December 21, 2012 report
New method for sequencing genome in a single cell
(Phys.org)—The traditional genome sequencing process requires thousands of cells (or more) to provide sufficient DNA, and this means that variations that are only present in a small number of cells―such as early cancer cells―are missed. Now a new technique has been developed for effectively sequencing the DNA in an individual cell.
The genome of single cells has been sequenced before using a technique known as a polymerase chain reaction (PCR) to produce enough copies of the DNA for sequencing. This procedure enables researchers to sequence the genome with about 40-70 percent accuracy, but greater precision is difficult because of amplification bias, in which some parts of the genome tend to be copied more readily than others. Not only does this reduce the extent of the genome that can be sequenced, but it also means segments of DNA that are copied are difficult to detect and may be missed.
In a paper published in Science a US research team describe a new way of getting around the amplification bias problem. The team, led by Professor X. Sunney Xie of Harvard University in Massachusetts, has developed a new technique which they have named "Multiple Annealing and Looping-Based Amplification Cycles" (MALBAC), in which the genome from a cell is first isolated and then "primers" consisting of short segments of DNA are added. When the DNA with the added primers is copied, up to 93 percent of the genome can be sequenced because the common segments incorporated into the copies loop back on themselves.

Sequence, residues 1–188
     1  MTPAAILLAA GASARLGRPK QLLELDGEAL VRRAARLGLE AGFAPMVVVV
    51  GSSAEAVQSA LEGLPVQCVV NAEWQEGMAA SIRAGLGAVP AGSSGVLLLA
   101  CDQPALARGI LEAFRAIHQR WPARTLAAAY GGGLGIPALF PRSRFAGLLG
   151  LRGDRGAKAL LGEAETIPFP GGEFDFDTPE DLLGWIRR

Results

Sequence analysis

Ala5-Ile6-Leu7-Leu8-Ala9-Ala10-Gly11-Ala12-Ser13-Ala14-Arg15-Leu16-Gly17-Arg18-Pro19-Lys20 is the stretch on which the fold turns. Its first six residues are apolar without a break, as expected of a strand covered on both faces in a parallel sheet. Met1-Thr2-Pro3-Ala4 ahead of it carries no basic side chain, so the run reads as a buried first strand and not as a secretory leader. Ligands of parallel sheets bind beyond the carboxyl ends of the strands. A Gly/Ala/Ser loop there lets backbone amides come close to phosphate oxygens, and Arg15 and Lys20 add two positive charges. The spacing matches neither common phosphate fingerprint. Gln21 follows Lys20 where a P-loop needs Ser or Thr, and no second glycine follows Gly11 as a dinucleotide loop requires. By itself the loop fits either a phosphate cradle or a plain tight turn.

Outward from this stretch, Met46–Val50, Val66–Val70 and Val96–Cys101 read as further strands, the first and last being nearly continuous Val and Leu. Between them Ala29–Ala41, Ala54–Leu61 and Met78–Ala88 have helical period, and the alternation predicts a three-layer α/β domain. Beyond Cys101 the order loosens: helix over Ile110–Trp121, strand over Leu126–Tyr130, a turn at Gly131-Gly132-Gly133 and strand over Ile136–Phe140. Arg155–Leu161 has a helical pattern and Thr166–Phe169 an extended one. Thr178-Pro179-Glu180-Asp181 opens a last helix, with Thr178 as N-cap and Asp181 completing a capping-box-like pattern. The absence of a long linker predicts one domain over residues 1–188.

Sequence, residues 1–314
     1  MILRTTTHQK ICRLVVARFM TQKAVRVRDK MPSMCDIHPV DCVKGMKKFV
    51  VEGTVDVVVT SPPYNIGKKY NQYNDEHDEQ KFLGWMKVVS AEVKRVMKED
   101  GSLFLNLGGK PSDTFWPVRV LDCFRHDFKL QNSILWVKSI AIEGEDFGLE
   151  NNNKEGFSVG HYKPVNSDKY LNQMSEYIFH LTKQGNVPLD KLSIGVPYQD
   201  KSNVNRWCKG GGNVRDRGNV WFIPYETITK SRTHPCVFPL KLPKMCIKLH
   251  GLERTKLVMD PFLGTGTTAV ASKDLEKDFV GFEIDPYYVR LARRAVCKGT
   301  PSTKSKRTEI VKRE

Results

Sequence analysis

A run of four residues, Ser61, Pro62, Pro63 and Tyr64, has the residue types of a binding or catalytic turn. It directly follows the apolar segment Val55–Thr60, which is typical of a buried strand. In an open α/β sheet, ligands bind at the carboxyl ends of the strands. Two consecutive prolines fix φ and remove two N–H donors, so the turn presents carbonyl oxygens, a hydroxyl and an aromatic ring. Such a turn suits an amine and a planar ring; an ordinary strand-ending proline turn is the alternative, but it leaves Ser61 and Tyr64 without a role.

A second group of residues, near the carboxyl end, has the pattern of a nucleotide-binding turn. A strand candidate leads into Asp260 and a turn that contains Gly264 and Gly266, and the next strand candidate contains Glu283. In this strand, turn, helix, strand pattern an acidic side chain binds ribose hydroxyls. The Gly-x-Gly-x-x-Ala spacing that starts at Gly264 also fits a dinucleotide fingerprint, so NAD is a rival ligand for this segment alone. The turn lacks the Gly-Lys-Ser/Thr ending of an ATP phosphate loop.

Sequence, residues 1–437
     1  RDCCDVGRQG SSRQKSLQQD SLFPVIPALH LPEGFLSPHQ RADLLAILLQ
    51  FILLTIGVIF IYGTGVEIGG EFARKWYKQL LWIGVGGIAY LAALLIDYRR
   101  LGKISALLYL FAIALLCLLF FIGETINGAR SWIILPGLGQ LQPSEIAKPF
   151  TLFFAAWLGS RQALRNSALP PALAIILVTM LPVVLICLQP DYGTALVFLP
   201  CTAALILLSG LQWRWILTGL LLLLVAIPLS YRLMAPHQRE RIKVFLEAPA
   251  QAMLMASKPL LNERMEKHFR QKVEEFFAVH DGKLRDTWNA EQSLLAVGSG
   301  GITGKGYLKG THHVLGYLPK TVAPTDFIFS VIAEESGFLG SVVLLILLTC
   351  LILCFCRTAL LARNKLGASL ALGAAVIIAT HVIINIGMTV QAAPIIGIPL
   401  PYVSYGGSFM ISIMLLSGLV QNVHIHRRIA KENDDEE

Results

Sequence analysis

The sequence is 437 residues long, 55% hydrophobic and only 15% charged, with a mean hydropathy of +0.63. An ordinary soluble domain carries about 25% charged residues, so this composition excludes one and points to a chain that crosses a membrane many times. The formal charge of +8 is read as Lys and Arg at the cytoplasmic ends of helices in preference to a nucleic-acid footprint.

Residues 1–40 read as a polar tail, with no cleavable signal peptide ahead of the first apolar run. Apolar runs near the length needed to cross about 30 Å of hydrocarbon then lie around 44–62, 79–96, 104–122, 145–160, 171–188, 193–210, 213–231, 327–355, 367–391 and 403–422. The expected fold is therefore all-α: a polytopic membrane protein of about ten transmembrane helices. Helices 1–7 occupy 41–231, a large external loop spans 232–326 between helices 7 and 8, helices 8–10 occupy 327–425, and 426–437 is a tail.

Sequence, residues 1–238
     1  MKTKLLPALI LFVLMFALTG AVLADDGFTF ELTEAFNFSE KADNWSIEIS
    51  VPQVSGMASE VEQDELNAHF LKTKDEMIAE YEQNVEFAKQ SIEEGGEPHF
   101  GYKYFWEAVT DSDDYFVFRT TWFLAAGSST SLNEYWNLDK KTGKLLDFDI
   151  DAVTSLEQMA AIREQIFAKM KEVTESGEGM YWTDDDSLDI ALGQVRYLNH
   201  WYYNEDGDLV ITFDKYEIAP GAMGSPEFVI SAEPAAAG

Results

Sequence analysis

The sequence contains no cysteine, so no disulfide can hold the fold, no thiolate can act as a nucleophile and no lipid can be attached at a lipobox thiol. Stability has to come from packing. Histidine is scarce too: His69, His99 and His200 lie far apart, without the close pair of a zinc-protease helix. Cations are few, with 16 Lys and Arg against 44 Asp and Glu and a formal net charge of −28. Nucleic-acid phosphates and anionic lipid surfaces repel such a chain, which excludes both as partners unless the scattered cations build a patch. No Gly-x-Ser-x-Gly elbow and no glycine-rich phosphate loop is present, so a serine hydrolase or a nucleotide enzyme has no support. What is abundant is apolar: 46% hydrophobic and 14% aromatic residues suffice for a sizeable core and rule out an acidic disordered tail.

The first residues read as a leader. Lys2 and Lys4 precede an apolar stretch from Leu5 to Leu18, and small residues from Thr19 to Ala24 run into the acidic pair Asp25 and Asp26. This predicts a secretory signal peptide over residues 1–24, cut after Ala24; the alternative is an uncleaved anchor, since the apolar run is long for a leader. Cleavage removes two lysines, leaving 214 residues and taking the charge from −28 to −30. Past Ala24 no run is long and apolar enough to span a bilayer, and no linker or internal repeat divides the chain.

The primers are pieces of DNA with a common section of 27 nucleotides and a variable section of eight nucleotides. The shorter section binds to the cell's DNA and the longer, common section reduces amplification bias by preventing the DNA from being copied too often.
The researchers used the new technique to sequence the DNA in three closely related cells, and also the DNA of 99 sperm from a single Asian male (as described in a second paper in the same journal). They were able to identify variations in individual nucleotides and observed no false positives.
The ability to sequence the genome in a single cell could help in cancer and other research since it would allow comparisons between individual cells. It could also prove useful in applications where only a small sample of DNA is available, such as in forensic science.
Kindred cells can have different genomes because of dynamic changes in DNA. Single-cell sequencing is needed to characterize these genomic differences but has been hindered by whole-genome amplification bias, resulting in low genome coverage. Here, we report on a new amplification method—multiple annealing and looping-based amplification cycles (MALBAC)—that offers high uniformity across the genome. Sequencing MALBAC-amplified DNA achieves 93% genome coverage ≥1x for a single human cell at 25x mean sequencing depth. We detected digitized copy-number variations (CNVs) of a single cancer cell. By sequencing three kindred cells, we were able to identify individual single-nucleotide variations (SNVs), with no false positives detected. We directly measured the genome-wide mutation rate of a cancer cell line and found that purine-pyrimidine exchanges occurred unusually frequently among the newly acquired SNVs.
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